Well, as I stated then and have been predicting all along, things aren't going to get any better anytime soon -- this was some bubble and we've got a long way to fall.
From the Las Vegas Review Journal Today: Bad news mounts in housing
The number of Clark County homes that entered preforeclosure status reached a record 6,152 in March, up 52 percent from February and more than double the 2,813 preforeclosures in the same month a year ago, Sacramento, Calif.-based Foreclosures.com reported.
The county has 15,937 preforeclosures through the first quarter of the year, or 3.11 percent of its 512,253 households, the online foreclosure source reported.
Nevada leads the nation with 2.42 percent of its households, or 18,087 homes, in preforeclosure through March, followed by Arizona (1.96 percent), Florida (1.87 percent) and California (1.05 percent).
Staggering foreclosure numbers are the result of a multitude of factors, including a meltdown in the mortgage lending industry, fraudulent appraisal values and overzealous speculators.
Real estate-owned, or bank-owned, homes in the county also rose substantially in March to 1,937, up from 1,640 the previous month and 1,763 in January. The three-month total is three times more than a year ago.
Jeanette Young said she's now faced with possible foreclosure on her home after losing her job at National Alliance Title, which closed in December.
President Bush's plan to give $600 tax rebates to help homeowners is a "joke," she said.
"I don't know anyone that has a mortgage that is $600, unless they've had the same loan for 10-plus years," she said. "Mine is $2,200 plus all the other bills associated with a home. I do not see any relief in sight for those of us who have lost our jobs, cannot find comparable income and now cannot make our house payments."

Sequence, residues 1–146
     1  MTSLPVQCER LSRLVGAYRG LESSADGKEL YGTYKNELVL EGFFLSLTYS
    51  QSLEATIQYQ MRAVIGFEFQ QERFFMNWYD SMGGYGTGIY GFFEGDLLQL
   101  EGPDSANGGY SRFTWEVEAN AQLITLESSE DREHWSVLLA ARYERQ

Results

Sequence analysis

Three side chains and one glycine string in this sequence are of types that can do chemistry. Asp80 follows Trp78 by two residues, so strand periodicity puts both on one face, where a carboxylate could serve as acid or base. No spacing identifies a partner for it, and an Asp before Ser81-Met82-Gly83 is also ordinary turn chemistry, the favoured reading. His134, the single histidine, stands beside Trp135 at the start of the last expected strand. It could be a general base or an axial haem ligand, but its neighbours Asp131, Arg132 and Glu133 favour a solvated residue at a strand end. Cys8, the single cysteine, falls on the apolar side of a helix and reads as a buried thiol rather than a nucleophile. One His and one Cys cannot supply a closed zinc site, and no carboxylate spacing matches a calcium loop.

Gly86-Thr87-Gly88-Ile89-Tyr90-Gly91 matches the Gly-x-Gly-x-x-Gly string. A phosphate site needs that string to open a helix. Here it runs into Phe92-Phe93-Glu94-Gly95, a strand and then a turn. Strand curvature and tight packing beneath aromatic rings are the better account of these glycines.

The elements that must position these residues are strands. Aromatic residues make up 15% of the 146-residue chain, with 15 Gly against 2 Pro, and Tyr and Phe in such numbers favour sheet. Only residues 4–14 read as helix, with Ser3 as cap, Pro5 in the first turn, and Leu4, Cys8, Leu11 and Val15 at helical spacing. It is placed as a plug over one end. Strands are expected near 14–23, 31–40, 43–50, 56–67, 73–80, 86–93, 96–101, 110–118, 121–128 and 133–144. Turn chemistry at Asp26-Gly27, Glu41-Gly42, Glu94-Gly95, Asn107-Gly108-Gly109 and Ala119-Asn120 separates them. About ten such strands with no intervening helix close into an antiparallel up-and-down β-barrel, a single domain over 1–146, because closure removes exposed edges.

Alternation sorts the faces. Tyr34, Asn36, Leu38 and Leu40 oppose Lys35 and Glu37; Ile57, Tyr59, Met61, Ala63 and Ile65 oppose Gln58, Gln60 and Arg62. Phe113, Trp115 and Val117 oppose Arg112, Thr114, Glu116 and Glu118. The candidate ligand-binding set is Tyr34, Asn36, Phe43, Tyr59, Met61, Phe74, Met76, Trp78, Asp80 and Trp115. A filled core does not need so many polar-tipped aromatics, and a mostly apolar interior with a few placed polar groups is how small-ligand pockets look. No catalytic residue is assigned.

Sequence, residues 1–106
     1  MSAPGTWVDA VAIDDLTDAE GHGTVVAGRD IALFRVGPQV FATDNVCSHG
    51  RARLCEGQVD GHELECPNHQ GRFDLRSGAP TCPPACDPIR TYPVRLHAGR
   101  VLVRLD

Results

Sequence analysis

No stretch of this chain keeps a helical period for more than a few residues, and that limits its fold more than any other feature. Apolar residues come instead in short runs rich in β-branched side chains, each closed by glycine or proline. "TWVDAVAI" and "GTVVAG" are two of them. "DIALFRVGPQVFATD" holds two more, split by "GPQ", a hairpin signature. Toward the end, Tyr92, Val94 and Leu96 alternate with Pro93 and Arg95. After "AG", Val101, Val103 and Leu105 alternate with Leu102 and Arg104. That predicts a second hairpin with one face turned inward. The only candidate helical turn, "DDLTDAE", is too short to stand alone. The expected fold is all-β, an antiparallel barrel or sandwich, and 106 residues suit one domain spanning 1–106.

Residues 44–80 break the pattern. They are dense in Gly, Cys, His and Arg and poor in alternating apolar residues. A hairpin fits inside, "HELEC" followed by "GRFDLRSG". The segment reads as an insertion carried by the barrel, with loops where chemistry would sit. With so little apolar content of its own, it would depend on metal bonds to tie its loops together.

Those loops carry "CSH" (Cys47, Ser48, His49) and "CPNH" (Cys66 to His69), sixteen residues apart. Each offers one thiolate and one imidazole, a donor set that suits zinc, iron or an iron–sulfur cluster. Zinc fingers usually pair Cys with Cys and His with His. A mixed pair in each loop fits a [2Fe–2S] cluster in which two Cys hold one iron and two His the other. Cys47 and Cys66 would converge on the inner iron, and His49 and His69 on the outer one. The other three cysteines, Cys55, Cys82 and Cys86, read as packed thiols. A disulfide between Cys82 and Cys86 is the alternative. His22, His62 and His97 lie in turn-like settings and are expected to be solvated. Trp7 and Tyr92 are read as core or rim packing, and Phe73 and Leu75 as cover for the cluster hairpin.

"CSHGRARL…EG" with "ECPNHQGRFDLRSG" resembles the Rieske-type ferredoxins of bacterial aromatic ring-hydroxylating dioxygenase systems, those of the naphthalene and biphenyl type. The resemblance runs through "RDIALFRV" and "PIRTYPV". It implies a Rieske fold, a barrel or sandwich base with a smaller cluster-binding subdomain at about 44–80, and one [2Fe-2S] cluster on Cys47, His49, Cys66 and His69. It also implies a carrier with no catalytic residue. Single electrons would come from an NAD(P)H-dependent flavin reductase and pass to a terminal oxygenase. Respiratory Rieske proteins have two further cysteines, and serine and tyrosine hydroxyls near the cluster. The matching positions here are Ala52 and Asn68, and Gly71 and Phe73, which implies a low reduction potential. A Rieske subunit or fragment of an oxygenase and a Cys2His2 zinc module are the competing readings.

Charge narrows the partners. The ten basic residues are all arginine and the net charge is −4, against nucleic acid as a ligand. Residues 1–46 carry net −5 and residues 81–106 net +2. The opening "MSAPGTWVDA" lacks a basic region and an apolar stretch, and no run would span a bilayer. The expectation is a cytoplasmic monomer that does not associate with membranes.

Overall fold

So, how is this foreclosure issue impacting the broader Nevada economy?
Nevada's January gambling revenue falls 4.8 pct
Nevada casinos won $1.06 billion from gamblers in January, a 4.8 percent decrease from the same month a year earlier, Nevada's Gaming Control Board said on Friday.
Hooters Hotel sees fourth-quarter decline
Hooters Hotel's management said the economic downturn late last year drove fourth-quarter revenue down as the property saw department wide declines.
Fourth-quarter net revenues declined 11.5 percent to $14.8 million from $16.8 million in 2006.
Casino revenues dropped 10.1 percent, food and beverage fell 12.1 percent, and hotel revenue fell 8.4 percent for the three months ended Dec. 31.
"The challenges presented by the current economy have eroded consumer confidence," said Mike Hessling, president of 155 East Tropicana, LLC, Hooters' parent company, during a conference call Tuesday. "It has caused certain customers to reduce their spending on leisure and entertainment."
States taxable sales plummet 5% in January '08